In a sign of the growing energy of the Open Data community, the White House held two “datapaloozas” back to back this week, following Tuesday’s event on safety data with yesterday’s on education. The Education Datapalooza, organized by Richard Culatta, director of the Office of Educational Technology in the Department of Education, attracted some 600 educators, developers, and data geeks to a large auditorium in Washington’s Reagan Building. The morning’s presentations were followed by a science fair-type expo with demos by more than forty companies. We also had information there about the Open Data 500, and found a number of companies that are new candidates for our study.
Three things were striking to me about this event: The commitment of the new breed of education entrepreneurs, the great variety of approaches they’re taking, and the ways in which “Open Data” has come to cover a range of “open” approaches.
For education, a promising piece of the Open Data opportunity is to open up an individual’s data to that person. In the same way that federal agencies and companies are starting to give consumers access to their medical records or data on their energy usage, the education innovators are looking for ways to give students access to their records in ways that can help them personalize their educational plans. This remains a tough challenge, since privacy concerns have stymied some early efforts to make student records more accessible; witness the trouble that the data company InBloom faced in several states. Some companies are trying to solve the problem with personal data vaults like those that Personal.com has pioneered.
If personal data like this can be liberated and applied in the right way, the rewards can be economic value as well as individual achievement. The benchmark McKinsey report on Open Data, released last October, found this kind of individualized data can be a major factor in generating about $1 trillion a year in value from Open Data in education. In McKinsey’s analysis, individualized data can help students improve their job prospects and future earnings by improving their education.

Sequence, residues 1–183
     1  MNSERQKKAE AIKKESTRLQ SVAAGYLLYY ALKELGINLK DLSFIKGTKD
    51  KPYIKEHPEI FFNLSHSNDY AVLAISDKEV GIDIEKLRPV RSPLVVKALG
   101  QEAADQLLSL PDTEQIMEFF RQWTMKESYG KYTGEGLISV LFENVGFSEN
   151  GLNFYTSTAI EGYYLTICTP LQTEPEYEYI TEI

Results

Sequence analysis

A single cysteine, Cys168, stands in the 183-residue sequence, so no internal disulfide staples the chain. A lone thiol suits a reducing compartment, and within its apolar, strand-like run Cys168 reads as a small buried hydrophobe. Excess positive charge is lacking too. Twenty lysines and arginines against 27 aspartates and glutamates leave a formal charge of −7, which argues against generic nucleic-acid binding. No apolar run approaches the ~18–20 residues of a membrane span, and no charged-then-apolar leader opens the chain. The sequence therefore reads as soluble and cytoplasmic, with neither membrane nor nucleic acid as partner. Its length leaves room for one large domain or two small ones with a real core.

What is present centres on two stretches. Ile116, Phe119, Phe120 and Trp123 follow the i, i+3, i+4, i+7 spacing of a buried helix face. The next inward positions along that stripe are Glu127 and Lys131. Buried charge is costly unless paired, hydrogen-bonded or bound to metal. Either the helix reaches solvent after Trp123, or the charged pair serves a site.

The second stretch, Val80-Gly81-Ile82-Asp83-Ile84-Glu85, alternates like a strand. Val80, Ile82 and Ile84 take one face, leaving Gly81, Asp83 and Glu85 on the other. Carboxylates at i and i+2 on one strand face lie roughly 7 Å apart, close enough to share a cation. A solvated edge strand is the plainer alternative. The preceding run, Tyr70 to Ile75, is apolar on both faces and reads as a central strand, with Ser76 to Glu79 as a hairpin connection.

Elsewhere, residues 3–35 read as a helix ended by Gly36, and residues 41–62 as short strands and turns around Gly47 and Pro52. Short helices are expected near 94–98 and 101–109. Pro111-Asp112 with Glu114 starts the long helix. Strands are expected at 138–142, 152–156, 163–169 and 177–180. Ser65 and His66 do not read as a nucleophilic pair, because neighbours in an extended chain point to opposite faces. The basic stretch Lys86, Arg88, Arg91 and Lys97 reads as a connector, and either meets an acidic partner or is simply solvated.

Personalized education could help create $1 trillion a year in value
Many more companies at yesterday’s Datapalooza focus on a practical question: They’re applying Open Data to make higher education more affordable. As Secretary of Education Arne Duncan said at the event, college affordability has become a major concern for all but the wealthy. “While college has never been more important,” he said, “it’s never been more expensive.” He told stories of middle-class families he meets all over the country who are hoping for some relief. In one heartrending encounter, he met a young woman with a twin brother whose parents could only afford to send one of the siblings to college; they hadn’t yet decided which one. Cost, he said, is one reason why the U.S. has slipped in a generation from being number 1 in college graduation rates to number 12 in the world – an unacceptable change.
Some of the new companies focused on affordability could help. Several are using data from the governent’s IPEDS system and other government data to help high school students and their families learn what the true cost of college will be, and how to handle it. Colleges, like new cars, have both a sticker price and a real price, which takes financial aid into account. While college costs are still out of sight for many Americans, tools using true-cost data show that even some elite schools may be more affordable than eligible applicants may realize. College Abacus shows students this with personalized data on college costs, in Spanish as well as English, while Possibility U provides a map showing financial aid opportunities, chances of acceptance, and other factors to help students find their best choice schools.
One new site will help students calculate the ROI of different college choices.
Other companies are approaching the cost issue from different angles. Boundless has used freely available content to create a series of inexpensive, high-quality electronic textbooks – a potential godsend to the many students who can’t afford texts for their courses. FindTomorrow, now in beta, will help students predict their future income, based on their school choice, major, and other factors, so they can get the best return for their educational investment. And the Departments of Education and Treasury are working together on tools to help handle the burden of student loans.
As U.S. Deputy CTO Nick Sinai said in opening yesterday’s event, “Data by itself doesn’t do anything. Data doesn’t teach your children. Data is only useful if you apply it.” Improving American education is a massive challenge, but the new Open Data applications are beginning to provide some solutions.
- Joel Gurin, Founder and Editor, OpenDataNow.com